You can measure the force needed to draw a bow in terms of draw weight. Due to the extreme balance, skill, and precision required to shoot a bow, you should modify the bow itself to fit the individual characteristics of the archer using it.
You can adjust the firing components of a contemporary compound bow with a few turns of a wrench and a feel for the exact weight you require. Don’t worry because I will be giving you a step-by-step guide on how to adjust your bow’s draw weight:
Step 1: Find the Limb Bolts
Locate the limb bolts in the middle of the compound bow. The limb bolts are contained within circular knobs that connect the bow’s arms to the riser. When you pull it, you should adjust these bolts to change the draw weight or the pressure level placed on the bowstring.
Step 2: Unscrew the Limb Screws
Several compound bow types employ two pairs of bolts or screws to secure the limb bolts after they’re in the proper position. You can find these on each side of the limb bolts. You can loosen them with the same Allen wrench you used to tweak the limb bolts, or they may require a different screwdriver. Release the locking screws to make it possible to modify the limb bolts.
Step 3: Adjust the Limb Bolts According to Your Proper Draw Weight
Ensure that you correctly fit the short arm of an Allen wrench into the bolt. Then, crank the wrench clockwise to tighten or counterclockwise to loosen the bolt. To achieve your desired weight, change the tension on each arm of the bow. Repeat for the other limb bolts, twisting each one the same amount.
One complete turn at a time, tighten or loosen the limb bolts. This will help you to keep a record of the level of tension in each limb. One spin of the limb bolt on most compound bows corresponds to about a pound and a half of weight.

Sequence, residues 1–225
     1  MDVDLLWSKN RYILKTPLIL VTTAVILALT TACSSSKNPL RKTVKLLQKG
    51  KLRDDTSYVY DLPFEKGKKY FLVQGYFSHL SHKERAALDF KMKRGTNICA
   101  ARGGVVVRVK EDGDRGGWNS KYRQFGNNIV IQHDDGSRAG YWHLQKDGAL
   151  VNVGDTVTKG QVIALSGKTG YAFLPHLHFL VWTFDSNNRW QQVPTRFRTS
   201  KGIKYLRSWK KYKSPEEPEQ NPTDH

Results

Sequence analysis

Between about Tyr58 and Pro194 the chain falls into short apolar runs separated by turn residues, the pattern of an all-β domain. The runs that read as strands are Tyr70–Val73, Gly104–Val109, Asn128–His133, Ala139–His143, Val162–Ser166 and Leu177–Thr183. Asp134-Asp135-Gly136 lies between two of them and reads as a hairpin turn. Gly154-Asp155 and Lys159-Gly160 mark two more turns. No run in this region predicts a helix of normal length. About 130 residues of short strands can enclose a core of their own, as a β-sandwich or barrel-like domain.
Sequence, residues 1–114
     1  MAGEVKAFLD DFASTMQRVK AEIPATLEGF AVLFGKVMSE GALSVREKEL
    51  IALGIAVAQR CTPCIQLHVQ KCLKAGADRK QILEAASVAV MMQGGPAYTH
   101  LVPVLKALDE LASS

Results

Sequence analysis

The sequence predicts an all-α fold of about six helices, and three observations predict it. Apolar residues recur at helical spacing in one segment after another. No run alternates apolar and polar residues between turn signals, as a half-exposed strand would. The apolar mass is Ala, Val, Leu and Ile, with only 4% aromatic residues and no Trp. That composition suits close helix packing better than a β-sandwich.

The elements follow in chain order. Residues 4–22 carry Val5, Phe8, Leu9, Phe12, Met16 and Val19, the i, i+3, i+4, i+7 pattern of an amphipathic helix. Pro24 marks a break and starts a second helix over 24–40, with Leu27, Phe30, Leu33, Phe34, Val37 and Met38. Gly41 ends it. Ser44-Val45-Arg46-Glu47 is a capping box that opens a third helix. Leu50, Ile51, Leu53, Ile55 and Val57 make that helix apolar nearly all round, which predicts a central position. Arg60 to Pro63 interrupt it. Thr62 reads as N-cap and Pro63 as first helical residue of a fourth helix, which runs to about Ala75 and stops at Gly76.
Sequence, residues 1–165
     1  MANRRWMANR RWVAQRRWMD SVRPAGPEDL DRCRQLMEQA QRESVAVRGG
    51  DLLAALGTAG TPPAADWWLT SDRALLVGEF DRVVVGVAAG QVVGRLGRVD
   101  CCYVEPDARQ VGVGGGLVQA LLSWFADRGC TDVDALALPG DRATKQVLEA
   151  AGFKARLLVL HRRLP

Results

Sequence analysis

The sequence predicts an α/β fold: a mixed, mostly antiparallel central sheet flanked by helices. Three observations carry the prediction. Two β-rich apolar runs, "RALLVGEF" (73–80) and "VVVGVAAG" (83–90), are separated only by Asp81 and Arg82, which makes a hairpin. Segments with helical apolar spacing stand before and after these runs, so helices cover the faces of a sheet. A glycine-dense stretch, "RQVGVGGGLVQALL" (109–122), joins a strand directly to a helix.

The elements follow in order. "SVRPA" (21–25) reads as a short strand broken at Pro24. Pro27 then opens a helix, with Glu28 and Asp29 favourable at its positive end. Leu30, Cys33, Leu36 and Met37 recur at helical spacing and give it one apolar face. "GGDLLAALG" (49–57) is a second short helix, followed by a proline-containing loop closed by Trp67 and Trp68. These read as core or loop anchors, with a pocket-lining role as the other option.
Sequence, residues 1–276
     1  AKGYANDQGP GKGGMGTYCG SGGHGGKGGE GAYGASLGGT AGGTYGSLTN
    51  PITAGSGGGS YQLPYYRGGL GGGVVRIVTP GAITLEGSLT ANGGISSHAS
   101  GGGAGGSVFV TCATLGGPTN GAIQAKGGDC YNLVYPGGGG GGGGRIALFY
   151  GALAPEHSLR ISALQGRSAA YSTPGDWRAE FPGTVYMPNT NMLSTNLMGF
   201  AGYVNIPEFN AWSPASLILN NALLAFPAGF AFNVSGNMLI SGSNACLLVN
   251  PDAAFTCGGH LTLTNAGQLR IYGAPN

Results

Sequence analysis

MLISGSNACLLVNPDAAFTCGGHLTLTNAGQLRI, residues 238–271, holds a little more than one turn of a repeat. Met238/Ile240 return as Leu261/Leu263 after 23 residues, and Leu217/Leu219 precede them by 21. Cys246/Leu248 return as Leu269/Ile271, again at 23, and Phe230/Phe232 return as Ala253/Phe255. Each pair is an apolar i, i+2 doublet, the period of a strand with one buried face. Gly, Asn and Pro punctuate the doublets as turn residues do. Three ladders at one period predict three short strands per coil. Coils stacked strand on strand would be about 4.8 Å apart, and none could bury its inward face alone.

Remember to equalize the tension on both limbs evenly.
Step 4: Secure and Try Out the Bow’s Draw‘
If you have already adjusted the bow’s draw weight, tighten the limb locking bolts. Grip the bow normally and pull back on the bowstring to estimate the draw weight. You’re ready when you’re pleased with how it feels. If not, keep tinkering with the draw weight until you get it just right.
Finding Your Correct Draw Weight
Being able to draw a bow to full draw does not imply that it is your optimal draw weight. Bowhunting presents unique problems such as cold weather, holding at full draw, and shooting from various locations.
Drawing and shooting a bow becomes more difficult as a result of these factors. That is why you must determine your proper draw weight. The following are the ways on how to find your correct draw weight:
Choose a Draw Weight that Corresponds to Your Upper-Body Strength
You can use your upper body strength to evaluate the draw weight of the bow. The pressure may be too intense if the draw feels too heavy, or it becomes difficult to sustain drawing the bow after many shots. The larger draw weight can wear you out and ruin your shot.
Lighter draw weights are easier to operate, but they compromise force and velocity while propelling the arrow. (1)
A large draw weight does not necessarily translate into a better shot. The type of arrow you use affects the force and trajectory of the shot.